Throughout my life, I’ve been fortunate to encounter many ‘rich dads’ who have given me advice on wealth generation and preservation. I’ve also spent numerous hours over the years pouring through financial articles. The points in this article are derived from a combination of advice as well as personal experiences throughout the years.
They read verociously
My own dad once said, “The books you read, and friends you make, will determine your life 10 years from now”. I noticed that reading is a common hobby amongst the wealthy. One may not necessarily agree with the views of the author; one may not even agree with this article, but reading definitely broadens one’s perspective.
Reading enables knowledge acquisition, which enables conversation and sharing, providing opportunities to network with different types of people. Reading also provides the necessary motivation, and ideas that would never otherwise have come to fruition.
They inspire and encourage each other
All my inspirations to do stuff have come from friends who have encouraged me to be the best of myself. Have you ever met a toxic group of friends/people whose goal in life seem to be one upping you or pulling you down into pits of negativity? Such a downer isn’t it?
The groups you want to be with are the ones who are happy for you to succeed. Similarly, you should be happy when they succeed. This is also the reason why I hold an annual house party every year (since 2011). I typically invite people who are humble, positive, and potential captains of their industry. If you’re positive and love to be surrounded by positive people and have a good time, send me a text and I’ll keep you updated on my next annual house party!
They value experiences rather than things
You hardly see a messy rich house. In contrast, poor houses are usually full of things. If things brought satisfaction, they’ll be the happiest people in the world. That being said, there are also rich people who have tons of branded things but ‘empty houses’.
The truly rich (in wealth and happiness) are those who know that they cannot bring their personal belongings with them after this life. They cherish experiences, travel, treat their friends well, enjoy good food, all whilst obeying this rule: they stay out of debt.
They stay out of debt
Credit cards are a boon to the rich and a bane to the poor. The rich utilise credit cards to live the lifestyle they desire (click here on my past experience on First Class Suites), whilst the poor spend their lives paying down credit card debt due to financial mismanagement.
The rich adhere to this proverb, “The rich ruleth over the poor, and the borrower is servant to the lender” (Proverbs 22:7, KJV).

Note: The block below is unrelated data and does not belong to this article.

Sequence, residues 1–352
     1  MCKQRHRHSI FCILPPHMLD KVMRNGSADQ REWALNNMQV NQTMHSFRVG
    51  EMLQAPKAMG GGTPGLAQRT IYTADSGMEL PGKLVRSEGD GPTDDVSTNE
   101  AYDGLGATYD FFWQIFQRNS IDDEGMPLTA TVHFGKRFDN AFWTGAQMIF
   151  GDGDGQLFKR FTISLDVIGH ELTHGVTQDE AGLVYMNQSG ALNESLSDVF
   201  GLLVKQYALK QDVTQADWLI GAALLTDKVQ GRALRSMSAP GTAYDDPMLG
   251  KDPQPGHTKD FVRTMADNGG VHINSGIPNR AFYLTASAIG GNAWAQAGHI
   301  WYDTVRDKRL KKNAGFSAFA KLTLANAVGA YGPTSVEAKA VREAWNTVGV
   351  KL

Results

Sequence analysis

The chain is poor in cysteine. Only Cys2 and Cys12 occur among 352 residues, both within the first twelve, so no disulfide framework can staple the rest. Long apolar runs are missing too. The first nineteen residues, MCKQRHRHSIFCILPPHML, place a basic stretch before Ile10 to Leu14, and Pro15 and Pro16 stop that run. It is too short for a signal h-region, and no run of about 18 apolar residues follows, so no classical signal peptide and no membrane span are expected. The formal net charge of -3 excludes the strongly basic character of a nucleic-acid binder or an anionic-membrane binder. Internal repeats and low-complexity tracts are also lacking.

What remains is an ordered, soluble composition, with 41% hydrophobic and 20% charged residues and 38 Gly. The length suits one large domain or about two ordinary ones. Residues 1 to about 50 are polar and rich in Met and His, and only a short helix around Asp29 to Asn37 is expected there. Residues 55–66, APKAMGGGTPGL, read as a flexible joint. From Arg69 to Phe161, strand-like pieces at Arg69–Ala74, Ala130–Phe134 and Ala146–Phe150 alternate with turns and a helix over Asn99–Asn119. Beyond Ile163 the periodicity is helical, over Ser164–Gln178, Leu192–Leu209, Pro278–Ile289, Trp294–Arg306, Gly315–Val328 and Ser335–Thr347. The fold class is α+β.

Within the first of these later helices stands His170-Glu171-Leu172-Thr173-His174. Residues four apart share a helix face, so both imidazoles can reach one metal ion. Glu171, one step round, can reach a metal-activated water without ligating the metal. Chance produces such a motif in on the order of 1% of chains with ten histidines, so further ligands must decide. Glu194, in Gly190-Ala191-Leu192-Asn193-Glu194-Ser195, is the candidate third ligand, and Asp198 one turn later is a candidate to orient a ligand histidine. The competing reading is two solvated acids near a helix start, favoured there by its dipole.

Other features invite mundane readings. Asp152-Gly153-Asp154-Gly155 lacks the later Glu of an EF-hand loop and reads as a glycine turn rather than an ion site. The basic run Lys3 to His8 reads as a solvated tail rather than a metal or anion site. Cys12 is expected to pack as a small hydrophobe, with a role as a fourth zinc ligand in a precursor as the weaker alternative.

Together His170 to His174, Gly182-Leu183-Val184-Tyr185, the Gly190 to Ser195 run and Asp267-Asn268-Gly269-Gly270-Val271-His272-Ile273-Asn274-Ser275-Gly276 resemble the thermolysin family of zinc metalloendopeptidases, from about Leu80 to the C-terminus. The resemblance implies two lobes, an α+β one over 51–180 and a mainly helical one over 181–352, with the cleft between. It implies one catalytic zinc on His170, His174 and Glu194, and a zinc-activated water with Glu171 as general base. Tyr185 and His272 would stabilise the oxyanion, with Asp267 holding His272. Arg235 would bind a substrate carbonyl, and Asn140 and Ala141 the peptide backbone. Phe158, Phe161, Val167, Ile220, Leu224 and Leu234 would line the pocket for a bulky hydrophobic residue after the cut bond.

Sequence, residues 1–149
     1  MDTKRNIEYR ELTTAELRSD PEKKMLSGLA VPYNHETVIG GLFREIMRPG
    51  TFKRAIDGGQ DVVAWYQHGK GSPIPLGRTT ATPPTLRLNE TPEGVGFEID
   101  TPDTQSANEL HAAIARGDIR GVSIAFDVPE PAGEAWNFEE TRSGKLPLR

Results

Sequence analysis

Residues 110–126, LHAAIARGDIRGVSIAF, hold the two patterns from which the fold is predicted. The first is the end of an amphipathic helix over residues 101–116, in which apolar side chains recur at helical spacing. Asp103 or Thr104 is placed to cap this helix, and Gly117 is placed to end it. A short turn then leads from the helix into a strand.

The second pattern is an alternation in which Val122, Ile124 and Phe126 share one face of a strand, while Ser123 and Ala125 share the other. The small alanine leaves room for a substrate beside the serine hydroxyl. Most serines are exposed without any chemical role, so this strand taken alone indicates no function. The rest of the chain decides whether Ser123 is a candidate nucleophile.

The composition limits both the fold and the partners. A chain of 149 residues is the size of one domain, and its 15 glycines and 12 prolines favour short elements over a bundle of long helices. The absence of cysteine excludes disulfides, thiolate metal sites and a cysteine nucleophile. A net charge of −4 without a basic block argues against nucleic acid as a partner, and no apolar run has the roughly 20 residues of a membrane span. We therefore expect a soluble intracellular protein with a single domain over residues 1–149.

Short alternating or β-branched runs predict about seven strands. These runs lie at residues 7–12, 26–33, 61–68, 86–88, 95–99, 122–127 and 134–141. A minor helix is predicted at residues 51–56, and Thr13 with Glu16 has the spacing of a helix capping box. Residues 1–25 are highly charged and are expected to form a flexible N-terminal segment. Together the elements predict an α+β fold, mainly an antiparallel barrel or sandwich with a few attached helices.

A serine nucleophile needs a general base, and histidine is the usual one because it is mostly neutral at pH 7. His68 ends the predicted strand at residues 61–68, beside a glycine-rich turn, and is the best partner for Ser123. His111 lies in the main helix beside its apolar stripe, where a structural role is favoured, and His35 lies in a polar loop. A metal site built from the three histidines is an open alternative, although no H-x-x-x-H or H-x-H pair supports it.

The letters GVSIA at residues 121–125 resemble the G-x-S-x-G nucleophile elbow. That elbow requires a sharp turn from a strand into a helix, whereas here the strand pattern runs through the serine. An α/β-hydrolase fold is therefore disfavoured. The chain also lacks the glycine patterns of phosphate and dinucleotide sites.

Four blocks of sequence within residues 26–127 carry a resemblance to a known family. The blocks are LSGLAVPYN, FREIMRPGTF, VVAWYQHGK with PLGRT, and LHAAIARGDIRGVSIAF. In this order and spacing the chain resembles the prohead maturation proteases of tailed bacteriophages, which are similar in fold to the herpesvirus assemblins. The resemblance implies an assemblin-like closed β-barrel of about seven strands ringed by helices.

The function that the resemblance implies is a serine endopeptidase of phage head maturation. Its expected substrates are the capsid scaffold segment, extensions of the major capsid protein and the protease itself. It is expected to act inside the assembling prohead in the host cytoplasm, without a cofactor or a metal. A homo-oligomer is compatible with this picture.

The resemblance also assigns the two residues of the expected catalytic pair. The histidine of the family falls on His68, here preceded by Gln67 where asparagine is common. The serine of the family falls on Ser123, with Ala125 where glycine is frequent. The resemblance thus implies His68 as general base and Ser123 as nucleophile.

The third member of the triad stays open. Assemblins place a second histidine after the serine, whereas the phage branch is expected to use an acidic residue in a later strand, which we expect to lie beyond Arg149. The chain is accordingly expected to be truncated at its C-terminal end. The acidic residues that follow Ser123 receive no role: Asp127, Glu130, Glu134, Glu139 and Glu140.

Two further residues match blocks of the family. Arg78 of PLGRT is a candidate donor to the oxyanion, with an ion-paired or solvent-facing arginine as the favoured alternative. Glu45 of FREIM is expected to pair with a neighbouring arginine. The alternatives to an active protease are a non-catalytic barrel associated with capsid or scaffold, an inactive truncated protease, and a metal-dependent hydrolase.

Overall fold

They save on big ticket items
Rich people save and do price comparisons whenever they can but they don’t sweat on the small stuff. They rather focus their time and energies on big ticket items, making sure they get the best deals on the wedding, house, car, renovations etc.
If something requires them to spend a significant amount of time just to save a few cents or dollars (depending on the situation), they’ll rather opt for the slightly more expensive but convenient option.
They anticipate needs
To be fair, this is a sort of a ‘chicken and egg issue’. It can be debated that people who are financially secure can afford to spend on anticipated future needs. Assuming you’re not dirt poor and living literally from pay cheque to pay cheque, you should be anticipating needs. For example, it could be simple things like buying necessities in bulk when on discount, to ensuring your car is well serviced to avoid breakdowns (which costs significantly more time and money).
There are whole industries that thrive on people needing things at the last moment. Have you ever wondered who buys hugely marked up necessities such as tampons or toiletries at 7 Eleven? Now you know!
They buy quality things that last
A few years ago, I shopped online for cheap T shirts and shoes. The T shirts became furry; some stretched to become ‘dresses’. The faux leather shoes wore out quickly and didn’t allow my feet to breathe, which meant stinky feet.
These days, I buy items primarily for their quality. Not all branded stuff comes with quality, but they generally have better quality. There is a saying in Chinese, “一分钱一分货.” Simply translated, it means that what you spend is what you get.
Rich people buy a few good items that last rather than many items that don’t. The additional benefit to buying good quality items is that they provide more satisfaction as well.
This list is by no means exhaustive and I hope that this sharing might benefit some. I’ll be writing more financial related articles in the weeks and months to come, so click the follow button if you want to stay updated to the latest articles on SG GOOD LIFE!